Abstract: This panel presentation will share experiences and lessons learned from an impact evaluation of the Lao Educational Access, Research and Networking (LEARN Project), implemented by Plan International in partnership with Save the Children International in Lao PDR. LEARN is an action research project that aims to test the effectiveness and scalability of flexible approaches to school readiness and early grades learning that target populations that are typically difficult to reach, including ethnic villages in remote, mountainous areas in the north of the country. The project is designed to build rigorous evidence of that can inform Government of Lao policymaking and resource allocation in pursuit of the Sustainable Development Goals and equitable, quality learning for all.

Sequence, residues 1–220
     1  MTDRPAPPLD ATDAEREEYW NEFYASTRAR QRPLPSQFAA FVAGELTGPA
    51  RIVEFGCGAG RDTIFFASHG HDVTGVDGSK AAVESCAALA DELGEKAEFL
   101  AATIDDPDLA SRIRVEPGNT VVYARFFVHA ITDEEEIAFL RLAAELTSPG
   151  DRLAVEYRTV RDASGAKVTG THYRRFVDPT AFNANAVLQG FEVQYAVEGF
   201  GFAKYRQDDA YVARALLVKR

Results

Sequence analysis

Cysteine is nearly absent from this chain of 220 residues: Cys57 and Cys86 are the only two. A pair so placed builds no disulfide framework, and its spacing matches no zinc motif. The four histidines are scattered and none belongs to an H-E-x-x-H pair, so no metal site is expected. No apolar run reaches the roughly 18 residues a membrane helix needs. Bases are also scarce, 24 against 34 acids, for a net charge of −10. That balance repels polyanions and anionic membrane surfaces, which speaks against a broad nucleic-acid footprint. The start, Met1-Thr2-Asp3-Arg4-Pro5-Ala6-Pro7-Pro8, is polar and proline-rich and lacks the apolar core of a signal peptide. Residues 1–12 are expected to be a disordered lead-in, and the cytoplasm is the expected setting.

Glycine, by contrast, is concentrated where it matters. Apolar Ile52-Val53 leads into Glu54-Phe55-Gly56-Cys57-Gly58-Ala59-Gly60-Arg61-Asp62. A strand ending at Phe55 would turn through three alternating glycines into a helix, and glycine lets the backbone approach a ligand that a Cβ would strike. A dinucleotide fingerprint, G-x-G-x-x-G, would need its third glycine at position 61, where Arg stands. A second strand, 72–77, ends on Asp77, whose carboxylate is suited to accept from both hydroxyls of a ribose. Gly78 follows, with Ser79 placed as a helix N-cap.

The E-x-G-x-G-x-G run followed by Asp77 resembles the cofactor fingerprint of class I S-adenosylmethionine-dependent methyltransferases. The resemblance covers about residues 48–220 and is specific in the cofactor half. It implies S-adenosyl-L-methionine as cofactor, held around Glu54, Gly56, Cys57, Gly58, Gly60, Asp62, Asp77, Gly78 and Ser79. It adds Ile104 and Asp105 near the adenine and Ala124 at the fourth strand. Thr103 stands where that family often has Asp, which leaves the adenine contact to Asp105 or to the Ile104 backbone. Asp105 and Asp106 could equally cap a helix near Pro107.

To build this evidence base, LEARN is collaborating with research partner American Institutes for Research (AIR) to conduct a longitudinal study of child development and school readiness that compares outcomes of children in two treatment groups to children in a no-intervention control group as well as children who are enrolled in the government of Lao PDR's existing pre-primary class. The same panel of children is assessed at baseline, prior to enrollment in any school readiness intervention; at mid-term at the start of grade 1, immediately after the main interventions conclude; at endline, at the end of grade 1, to assess how gains from the interventions have held up during the course of the school year; and finally at follow-up at the start of grade 2, to assess if the interventions have been effective in promoting on-time enrollment in second grade.